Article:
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The Future Shipping Company: Autonomous Shipping Fleet Operators

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File image courtesy Rolls-Royce (now part of Kongsberg)

By Okan Duru 12-10-2019 01:58:00

You may have heard of tech industry buzz words like software-as-a-service (SaaS) or car-as-a-service (CaaS). In the SaaS scheme, the user does not need to install and sacrifice a portion of storage for software. Instead, software can be operated through a cloud connection and with much higher computing capacity. Difficult calculations and simulations can be run on very high capacity computers in a cloud space. CaaS is a more technical version of the term “uberization.” Instead of having your own car, other car owners provide you with mobility, much like hailing a taxi but at much lower cost and with more convenience.

The idea of the as-a-service concept has a long history in the shipping business. I call it Ship-as-a-service (SHIP-as-a-service). Traditional time charters are a typical example of SHIPaaS. With the rise of independent ship owners, many big exporters and importers charter a fleet of ships dedicated to their cargo movements. Today you can even find non-asset ship operators which simply time charter-in a number of ships and spot charter-out for end customers. It is also an investment question whether to own or charter ships. During the industry’s corporatization period, many shipping firms have evolved into SHIPaaS providers, even though we do not use this terminology. 

On the other hand, automation is transforming so many things. Vehicles are automated and office work is also increasingly automated. So we have two facets of the automation in general: In the shipping industry, autonomous ships will transform the ship itself while workplace automation transforms the shipping company. In the infographic above, I label the evolution of the ship as SHIP x.0 beginning from the 1700s through roughly 2050s. Considering major changes like the use of iron and steel or steam and diesel power, SHIP 4.0 represents the current technology. From SHIP 4.0 to 7.0, I perceive three major transformations: 1) Implementation of hybrid navigational and engine room automation with on-site monitoring, 2) shifting the majority of seafarers to off-site monitoring and governance (i.e. remote control) and 3) self-sufficient automation which does not need human intervention in any operations. As a side note, technology for the above-mentioned developments is almost there. We just experience these changes with the institutional adaptation and economy of implementation, not due to the lack of technology.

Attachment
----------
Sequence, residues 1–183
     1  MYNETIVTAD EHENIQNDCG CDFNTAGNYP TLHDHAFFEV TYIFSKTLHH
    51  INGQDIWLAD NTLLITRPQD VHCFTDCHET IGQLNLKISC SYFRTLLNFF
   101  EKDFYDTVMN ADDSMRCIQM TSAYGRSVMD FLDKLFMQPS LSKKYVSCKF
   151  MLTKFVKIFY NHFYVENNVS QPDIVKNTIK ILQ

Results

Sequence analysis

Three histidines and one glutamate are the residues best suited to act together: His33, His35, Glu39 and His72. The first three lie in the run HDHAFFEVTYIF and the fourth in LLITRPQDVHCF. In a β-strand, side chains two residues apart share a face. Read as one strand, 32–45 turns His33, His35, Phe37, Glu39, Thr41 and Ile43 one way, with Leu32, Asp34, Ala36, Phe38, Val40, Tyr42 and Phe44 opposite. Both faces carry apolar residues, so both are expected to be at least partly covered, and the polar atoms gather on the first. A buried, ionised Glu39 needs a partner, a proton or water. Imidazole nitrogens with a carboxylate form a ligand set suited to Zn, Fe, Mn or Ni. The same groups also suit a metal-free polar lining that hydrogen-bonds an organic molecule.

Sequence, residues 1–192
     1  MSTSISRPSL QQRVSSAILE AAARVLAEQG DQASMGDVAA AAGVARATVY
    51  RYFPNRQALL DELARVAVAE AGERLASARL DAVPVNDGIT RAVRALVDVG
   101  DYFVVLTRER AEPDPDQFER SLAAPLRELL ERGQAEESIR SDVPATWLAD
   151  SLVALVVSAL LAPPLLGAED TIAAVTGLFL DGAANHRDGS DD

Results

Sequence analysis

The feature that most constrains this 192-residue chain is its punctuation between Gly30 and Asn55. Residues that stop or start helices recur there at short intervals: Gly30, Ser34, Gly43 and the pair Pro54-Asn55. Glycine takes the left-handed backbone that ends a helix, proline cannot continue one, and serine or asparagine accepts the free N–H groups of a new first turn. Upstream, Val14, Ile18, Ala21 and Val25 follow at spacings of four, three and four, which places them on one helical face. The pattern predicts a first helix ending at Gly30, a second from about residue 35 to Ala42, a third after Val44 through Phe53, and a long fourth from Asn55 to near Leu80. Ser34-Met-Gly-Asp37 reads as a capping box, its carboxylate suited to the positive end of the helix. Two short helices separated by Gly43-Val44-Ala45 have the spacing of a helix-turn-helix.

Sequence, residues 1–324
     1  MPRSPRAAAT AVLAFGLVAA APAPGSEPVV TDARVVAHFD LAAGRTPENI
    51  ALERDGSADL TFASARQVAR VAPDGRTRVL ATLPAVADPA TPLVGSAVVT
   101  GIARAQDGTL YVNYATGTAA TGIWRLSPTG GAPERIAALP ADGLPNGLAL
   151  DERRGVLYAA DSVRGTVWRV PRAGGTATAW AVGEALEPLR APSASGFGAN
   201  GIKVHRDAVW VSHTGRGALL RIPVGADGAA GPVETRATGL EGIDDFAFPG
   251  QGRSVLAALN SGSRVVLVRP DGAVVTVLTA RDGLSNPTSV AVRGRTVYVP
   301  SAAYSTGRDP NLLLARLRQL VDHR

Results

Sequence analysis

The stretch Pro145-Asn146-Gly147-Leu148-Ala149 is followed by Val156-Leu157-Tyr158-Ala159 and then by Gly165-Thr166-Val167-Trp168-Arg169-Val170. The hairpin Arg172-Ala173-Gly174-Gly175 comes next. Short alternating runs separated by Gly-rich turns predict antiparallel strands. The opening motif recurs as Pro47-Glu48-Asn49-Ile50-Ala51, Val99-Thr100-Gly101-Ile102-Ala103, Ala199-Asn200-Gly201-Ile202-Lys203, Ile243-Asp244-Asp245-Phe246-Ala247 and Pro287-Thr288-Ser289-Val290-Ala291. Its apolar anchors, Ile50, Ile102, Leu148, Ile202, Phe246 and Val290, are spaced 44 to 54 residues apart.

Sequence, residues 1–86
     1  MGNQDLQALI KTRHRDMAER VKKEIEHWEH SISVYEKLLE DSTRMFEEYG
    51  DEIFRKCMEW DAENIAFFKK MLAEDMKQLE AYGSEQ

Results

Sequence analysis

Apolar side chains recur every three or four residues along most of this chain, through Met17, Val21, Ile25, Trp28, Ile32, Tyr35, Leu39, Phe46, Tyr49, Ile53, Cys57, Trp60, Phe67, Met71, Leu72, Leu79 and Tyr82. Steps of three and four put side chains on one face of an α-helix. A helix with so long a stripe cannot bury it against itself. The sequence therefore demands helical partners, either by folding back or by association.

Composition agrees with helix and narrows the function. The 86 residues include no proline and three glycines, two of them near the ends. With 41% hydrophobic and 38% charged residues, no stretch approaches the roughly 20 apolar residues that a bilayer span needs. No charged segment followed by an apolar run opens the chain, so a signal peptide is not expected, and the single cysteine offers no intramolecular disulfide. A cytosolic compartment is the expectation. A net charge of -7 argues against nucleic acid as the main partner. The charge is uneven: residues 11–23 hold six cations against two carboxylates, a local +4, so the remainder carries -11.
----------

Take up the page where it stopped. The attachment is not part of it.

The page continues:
In the business consulting space, one of the leading concepts is the self-driving enterprise or workplace automation. By extensive use of technologies such as robotic process automation and by transforming commercial operations, the need for office space will probably decline dramatically. According to some recent reports by various consulting firms, more than 30 percent of existing office work can be automated by currently available technologies. A much higher level of automation means getting much closer to the self-driving enterprise in which most office work is shifted to intelligent systems and “bots.” Then, key decision makers will focus on things that are difficult to automate. As I recently introduced in an industry event, the algorithmic trading concept can also be implemented in investment management. So, even some financial decisions may be automated too.

Autono-SHIPaaS and Neo-Shipowner

By investigating such developments separately and isolated from other disruptions, we may expect things happening as illustrated above. However, when you combine many of these ideas and disruptions of other kinds (e.g. automation in shipbuilding, new power technologies), the big picture changes slightly. One major component in this equation is the Autonomous SHIPaaS (Autono-SHIPaaS). Autono-SHIPaaS changes the profile of traditional shipowner. The need for technical manpower on board and at the firm declines as the company transforms. The shipowning entity turns into a technology-led organization with more focus on maintaining computational capacity. You may consider the analogy of Tesla, which is going to be a major car manufacturer soon and is already the top seller for the luxury sedan segment in the United States. Traditional car makers with century-old experience could not deal with the disruption of Tesla. The driverless car is going to be the norm of the automotive industry - and driverless navigation is a much more difficult computational problem compared to ship navigation.